Judging from the response I got on my last post, I think I made this Value Village situation seem much more exciting than it actually was. Like most breakups, no one thing just "happened". This breakup has been a long time in coming.
For the last year or so, I've been noticing something curious every time I go to good old Village des Valeurs. All my favorite brands (ie. the ones I can't generally afford to buy new and at their regular price) have been steadily becoming more expensive. To some extent, I expect this. Value Village has a much larger selection than the average little thrift store, and everything is well-organized, so sizes and specific types of items are much easier to find than anywhere else. I'll pay a little more for this kind of convenience. But only a little more.
When I started thrifting, I could easily find a pair of Gap jeans in the $5 range, and at our (now closed) small town thrift store I found several pairs for only a buck each just a couple of years ago. Even with inflation since that time, I think up to $8 is reasonable for a pair of second-hand jeans of a decent brand. But now, on average, I'm finding that Value Village is charging upwards of $13 for the brands that flatter my particular body type. At best, I'm getting them now for $10. If I find them for $8 or less, I look very closely, because it almost always means that they're fraying at the bottom or have a bleach stain or rip on them somewhere. As an all-round cheapskate, I'm rather good at finding deals everywhere I go, so I know that if I wait for a really good sale on the Old Navy/Gap website, I can find a pair of brand new jeans for $10 or less. So why on earth would I buy them used, worn and in need of at least one good wash for the same price or higher at a second-hand store?!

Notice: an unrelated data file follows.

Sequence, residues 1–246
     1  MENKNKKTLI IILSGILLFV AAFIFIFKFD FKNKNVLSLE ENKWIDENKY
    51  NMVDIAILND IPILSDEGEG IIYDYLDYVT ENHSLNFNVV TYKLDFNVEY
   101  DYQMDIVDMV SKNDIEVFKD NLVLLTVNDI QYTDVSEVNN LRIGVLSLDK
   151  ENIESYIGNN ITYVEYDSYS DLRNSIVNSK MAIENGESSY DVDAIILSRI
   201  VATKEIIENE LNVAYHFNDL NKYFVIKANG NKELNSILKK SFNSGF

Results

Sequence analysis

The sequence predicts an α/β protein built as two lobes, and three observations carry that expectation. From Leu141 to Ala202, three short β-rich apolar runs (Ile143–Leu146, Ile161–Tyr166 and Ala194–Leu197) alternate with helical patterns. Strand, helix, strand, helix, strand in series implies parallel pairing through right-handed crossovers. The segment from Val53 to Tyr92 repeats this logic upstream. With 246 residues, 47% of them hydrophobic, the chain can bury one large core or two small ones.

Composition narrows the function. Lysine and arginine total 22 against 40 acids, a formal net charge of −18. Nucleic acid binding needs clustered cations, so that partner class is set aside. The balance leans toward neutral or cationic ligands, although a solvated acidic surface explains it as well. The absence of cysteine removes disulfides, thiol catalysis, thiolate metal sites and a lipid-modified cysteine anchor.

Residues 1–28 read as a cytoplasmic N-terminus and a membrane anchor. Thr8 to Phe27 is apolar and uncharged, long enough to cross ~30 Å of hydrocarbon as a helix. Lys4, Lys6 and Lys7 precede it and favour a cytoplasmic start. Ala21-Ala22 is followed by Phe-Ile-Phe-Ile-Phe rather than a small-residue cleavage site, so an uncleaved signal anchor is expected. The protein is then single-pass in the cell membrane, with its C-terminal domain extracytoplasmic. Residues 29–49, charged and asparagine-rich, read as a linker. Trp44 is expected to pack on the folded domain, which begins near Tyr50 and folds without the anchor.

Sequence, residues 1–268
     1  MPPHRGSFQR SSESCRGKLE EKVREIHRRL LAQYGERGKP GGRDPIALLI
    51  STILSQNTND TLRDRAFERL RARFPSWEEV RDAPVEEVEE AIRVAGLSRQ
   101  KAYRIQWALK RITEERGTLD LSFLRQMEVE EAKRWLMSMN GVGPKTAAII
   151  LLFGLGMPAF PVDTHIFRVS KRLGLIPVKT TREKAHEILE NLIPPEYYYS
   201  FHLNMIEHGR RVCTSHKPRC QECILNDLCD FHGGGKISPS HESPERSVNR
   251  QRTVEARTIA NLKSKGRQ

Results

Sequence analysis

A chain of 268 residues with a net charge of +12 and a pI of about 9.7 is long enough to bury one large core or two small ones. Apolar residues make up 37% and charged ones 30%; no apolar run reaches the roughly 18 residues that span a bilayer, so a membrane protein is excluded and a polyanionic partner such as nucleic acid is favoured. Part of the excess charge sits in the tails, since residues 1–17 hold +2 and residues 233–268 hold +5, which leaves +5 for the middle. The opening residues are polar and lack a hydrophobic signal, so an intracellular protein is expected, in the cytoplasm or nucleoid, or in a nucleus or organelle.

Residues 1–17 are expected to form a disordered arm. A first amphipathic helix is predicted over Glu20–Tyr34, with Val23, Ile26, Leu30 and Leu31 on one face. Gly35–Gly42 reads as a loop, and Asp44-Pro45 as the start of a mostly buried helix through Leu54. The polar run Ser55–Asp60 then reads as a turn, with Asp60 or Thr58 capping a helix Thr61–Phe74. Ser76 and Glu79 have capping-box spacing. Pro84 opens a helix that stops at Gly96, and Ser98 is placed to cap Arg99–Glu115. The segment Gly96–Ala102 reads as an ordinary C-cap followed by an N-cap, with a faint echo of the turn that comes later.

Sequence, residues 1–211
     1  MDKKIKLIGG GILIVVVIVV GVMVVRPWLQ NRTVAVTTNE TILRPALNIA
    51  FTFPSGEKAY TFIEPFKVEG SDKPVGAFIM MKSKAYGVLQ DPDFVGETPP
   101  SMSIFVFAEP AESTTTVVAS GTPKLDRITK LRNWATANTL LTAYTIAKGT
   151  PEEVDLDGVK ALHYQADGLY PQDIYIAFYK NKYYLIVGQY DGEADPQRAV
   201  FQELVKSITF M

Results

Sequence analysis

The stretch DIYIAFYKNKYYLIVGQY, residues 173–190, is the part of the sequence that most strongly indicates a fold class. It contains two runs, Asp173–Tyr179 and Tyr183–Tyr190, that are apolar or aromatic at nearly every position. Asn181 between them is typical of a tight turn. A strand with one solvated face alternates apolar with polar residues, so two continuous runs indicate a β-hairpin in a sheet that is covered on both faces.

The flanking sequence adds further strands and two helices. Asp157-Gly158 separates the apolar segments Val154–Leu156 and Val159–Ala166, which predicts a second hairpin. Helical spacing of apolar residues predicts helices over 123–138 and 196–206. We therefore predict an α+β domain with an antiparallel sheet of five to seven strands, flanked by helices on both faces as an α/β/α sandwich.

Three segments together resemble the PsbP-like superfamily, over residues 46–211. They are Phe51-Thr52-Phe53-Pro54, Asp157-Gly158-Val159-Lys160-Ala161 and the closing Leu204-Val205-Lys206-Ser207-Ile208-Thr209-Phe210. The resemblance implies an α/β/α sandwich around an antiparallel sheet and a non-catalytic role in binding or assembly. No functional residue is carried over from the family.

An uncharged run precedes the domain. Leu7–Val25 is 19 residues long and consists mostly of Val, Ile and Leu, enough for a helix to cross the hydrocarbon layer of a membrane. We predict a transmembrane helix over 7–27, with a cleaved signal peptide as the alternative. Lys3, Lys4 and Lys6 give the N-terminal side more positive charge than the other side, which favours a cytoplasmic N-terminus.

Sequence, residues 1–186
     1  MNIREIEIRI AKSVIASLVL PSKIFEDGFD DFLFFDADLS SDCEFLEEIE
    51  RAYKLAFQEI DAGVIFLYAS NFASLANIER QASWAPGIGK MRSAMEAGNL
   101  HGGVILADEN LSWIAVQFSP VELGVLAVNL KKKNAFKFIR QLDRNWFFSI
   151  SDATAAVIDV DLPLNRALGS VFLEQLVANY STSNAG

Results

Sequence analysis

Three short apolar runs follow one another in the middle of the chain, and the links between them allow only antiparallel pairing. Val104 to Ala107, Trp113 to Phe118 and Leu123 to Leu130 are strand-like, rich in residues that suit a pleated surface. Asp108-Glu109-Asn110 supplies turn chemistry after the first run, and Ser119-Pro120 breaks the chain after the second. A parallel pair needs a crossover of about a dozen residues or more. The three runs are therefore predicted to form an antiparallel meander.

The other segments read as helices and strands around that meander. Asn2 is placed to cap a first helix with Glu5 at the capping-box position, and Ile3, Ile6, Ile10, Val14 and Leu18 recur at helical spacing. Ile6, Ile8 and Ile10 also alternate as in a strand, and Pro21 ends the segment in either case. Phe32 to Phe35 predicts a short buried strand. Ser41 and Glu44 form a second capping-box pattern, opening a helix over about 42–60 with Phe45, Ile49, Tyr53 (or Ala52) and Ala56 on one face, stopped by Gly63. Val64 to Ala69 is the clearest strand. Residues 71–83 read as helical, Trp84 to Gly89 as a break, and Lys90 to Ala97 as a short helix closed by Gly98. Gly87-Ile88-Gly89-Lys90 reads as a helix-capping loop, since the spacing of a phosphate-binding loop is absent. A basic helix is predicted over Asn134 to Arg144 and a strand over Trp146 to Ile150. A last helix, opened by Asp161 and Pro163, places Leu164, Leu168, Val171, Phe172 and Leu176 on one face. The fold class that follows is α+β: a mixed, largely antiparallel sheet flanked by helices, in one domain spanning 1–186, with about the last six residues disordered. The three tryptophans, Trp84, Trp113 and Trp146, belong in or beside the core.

After picking up the Captain on Thursday, we made our usual trek to the big Value Village and I walked around the entire place, becoming more and more frustrated every time I found something cute that I wanted to buy, only to find that the price was barely less than I would pay on clearance from the original retailer. In a few cases, factoring in the cost of dry cleaning actually made the item more expensive than buying it new. In the end, I walked out of there with only a few books and toys for the kids, and absolutely nothing for me. That has literally never happened before. Value Village robbed me of the one true thrill of thrifting--finding an exceptional deal on something I love. And that's when I decided that enough is enough. The time has come. I need to see other thrift stores.
So that's it. Value Village and I are broken up, kaput, splitsville. Should I ever again find myself somewhere as stylish as Montreal, I may give in to the odd holiday fling. But as my main thrifting squeeze, Value Village has become way too needy.
Even in Manitoba where the thrifting opportunities are much more scarce than in other places, the opportunities do still exist. As they say, there are lots of fish in the sea. I just need to get out there and find them.